Cancer surveillance series: interpreting trends in prostate cancer--part I: Evidence of the effects of screening in recent prostate cancer incidence, mortality, and survival rates.J Natl Cancer Inst 1999; 91(12):1017-24JNCI
The prostate-specific antigen test was approved by the U.S. Food and Drug Administration in 1986 to monitor the disease status in patients with prostate cancer and, in 1994, to aid in prostate cancer detection. However, after 1986, the test was performed on many men who had not been previously diagnosed with prostate cancer, apparently resulting in the diagnosis of a substantial number of early tumors. Our purpose is to provide insight into the effect of screening on prostate cancer rates. Detailed data are presented for whites because the size of the population allows for calculating statistically reliable rates; however, similar overall trends are seen for African-Americans and other races.
Prostate cancer incidence data from the National Cancer Institute's Surveillance, Epidemiology, and End Results Program and mortality data from the National Center for Health Statistics were analyzed.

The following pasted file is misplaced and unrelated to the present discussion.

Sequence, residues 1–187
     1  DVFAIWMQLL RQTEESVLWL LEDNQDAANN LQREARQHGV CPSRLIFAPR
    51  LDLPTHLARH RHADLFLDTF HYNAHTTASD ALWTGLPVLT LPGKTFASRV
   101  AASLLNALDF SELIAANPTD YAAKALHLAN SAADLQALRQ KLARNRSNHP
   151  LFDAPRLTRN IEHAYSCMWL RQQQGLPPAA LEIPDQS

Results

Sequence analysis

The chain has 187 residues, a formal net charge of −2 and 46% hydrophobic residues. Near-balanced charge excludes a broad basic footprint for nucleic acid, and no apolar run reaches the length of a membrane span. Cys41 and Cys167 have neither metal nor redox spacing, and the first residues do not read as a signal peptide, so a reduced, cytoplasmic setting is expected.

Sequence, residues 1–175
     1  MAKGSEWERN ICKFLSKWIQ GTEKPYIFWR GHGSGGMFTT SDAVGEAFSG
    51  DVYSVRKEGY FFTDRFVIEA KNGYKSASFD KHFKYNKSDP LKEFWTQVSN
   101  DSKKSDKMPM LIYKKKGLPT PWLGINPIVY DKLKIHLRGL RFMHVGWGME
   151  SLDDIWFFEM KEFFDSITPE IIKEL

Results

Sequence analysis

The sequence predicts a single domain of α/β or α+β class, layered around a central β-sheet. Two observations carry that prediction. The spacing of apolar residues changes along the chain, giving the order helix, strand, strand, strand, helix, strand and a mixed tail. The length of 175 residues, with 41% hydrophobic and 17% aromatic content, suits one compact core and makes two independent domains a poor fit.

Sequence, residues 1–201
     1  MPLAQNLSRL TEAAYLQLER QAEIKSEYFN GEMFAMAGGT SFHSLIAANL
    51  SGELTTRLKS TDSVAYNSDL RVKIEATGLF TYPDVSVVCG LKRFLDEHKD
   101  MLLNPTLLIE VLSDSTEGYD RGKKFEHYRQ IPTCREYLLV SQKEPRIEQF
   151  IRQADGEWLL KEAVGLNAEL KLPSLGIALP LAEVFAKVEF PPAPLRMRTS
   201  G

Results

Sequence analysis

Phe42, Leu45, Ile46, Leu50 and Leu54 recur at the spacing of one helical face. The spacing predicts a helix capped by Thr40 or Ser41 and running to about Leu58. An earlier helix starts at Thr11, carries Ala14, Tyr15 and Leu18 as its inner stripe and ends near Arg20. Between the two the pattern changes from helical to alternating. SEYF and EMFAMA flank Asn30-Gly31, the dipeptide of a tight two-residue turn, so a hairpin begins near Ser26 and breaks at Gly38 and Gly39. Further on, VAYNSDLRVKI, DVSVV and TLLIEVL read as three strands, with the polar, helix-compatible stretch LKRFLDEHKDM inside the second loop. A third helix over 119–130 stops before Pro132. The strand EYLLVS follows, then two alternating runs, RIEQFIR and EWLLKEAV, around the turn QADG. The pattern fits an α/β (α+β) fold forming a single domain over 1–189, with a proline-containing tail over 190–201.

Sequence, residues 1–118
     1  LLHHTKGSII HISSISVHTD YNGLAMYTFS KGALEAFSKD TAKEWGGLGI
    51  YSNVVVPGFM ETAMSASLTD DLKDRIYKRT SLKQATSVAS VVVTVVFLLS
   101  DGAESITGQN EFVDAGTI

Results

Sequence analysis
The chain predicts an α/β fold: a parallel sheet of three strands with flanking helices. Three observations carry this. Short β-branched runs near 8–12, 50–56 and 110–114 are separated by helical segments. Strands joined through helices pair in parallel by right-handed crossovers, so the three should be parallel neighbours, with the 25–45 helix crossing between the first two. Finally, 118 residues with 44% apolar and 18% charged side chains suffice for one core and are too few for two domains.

The following findings are consistent with a screening effect: 1) the recent decrease since 1991 in the incidence of distant stage disease, after not having been perturbed by screening; 2) the decline in the incidence of earlier stage disease beginning the following year (i.e., 1992); 3) the recent increases and decreases in prostate cancer incidence and mortality by age that appear to indicate a calendar period effect; and 4) trends in the incidence of distant stage disease by tumor grade and trends in the survival of patients with distant stage disease by calendar year that provide suggestive evidence of the tendency of screening to detect slower growing tumors.
The decline in the incidence of distant stage disease holds the promise that testing for prostate-specific antigen may lead to a sustained decline in prostate cancer mortality. However, population data are complex, and it is difficult to confidently attribute relatively small changes in mortality to any one cause.